The Central Bank of Nigeria (CBN) at the last Monetary Policy Rate (MPR) meeting on Monday raised the country’s interest rate from 14 percent to 15.5 percent. This would be the third time in the year Nigeria’s apex bank is raising its interest rate to battle inflation.
The impact on savings
Due to the increase in interest rate or monetary policy rates to 15.5 percent, Nigerian local banks are mandated by the CBN to pay their customers at least 4.65 percent interest on savings deposit accounts. An increase of 0.45 percent from 4.2 percent.
This is because the savings deposit rate, pegged at 30 percent, is the rate banks pay customers for depositing money into their savings account. So, as the interest rate rises, the saving deposit rate follows the same trend by assuming 30 percent of the former. This implies that when the interest rate was 14 percent, banks paid 4.2 percent (which is 30 percent of 14 percent). Now, banks would pay 4.65 percent (also 30 percent of the new interest rate of 15.5 percent).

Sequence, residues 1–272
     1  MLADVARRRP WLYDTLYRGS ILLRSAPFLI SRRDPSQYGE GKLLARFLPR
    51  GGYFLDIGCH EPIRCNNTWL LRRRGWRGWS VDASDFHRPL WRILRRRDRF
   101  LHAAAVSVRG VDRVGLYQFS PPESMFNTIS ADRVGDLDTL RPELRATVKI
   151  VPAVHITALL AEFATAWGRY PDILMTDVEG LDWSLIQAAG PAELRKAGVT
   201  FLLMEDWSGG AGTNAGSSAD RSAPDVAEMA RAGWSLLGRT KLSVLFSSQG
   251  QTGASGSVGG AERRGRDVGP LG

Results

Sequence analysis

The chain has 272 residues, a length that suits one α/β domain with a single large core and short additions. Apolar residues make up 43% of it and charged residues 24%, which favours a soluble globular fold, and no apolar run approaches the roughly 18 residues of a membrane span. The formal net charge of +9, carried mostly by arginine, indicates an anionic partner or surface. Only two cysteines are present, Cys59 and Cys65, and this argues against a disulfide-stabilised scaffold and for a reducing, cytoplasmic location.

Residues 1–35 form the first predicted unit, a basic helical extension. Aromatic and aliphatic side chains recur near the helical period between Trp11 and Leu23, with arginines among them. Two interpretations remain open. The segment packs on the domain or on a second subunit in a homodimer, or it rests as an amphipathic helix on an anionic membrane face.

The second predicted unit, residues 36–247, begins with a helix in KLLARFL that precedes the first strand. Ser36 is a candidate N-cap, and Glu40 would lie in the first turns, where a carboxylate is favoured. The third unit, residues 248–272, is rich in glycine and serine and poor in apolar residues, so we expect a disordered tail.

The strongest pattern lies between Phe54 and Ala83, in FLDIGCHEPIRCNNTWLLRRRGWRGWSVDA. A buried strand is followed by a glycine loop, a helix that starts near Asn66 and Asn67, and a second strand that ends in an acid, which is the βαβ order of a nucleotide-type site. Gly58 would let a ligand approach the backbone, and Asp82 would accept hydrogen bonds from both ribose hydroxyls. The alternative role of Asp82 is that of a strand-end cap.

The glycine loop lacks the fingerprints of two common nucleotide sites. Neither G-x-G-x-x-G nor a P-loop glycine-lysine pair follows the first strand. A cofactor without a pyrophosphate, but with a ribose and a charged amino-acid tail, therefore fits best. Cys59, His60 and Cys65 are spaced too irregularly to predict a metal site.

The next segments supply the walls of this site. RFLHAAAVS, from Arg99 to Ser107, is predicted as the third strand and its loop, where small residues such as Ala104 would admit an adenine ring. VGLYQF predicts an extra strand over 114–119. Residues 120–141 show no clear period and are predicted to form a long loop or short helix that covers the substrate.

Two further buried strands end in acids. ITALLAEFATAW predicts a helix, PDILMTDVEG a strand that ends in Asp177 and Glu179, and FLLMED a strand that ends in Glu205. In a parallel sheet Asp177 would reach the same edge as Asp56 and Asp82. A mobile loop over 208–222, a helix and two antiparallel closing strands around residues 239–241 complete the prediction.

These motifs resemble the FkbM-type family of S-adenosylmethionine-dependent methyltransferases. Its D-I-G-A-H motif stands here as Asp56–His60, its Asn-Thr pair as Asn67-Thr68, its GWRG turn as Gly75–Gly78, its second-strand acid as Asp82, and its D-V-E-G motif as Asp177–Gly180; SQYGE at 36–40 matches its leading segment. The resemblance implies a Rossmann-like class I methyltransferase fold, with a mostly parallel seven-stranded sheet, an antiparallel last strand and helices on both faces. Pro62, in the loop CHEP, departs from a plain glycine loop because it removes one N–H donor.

Usually, an increase in the interest rate projectively encourages customers to increase savings, which in turn serves a contractionary monetary purpose. However, in the current economy, any money saved loses its purchasing power as the current inflation rate of 20.52% in August 2022 surpasses both interest rate and savings deposit rates.
This implies that as the inflation rate rises above the interest generated on savings, the customer loses money. Continuous rise in inflation deteriorates a consumer’s purchasing power.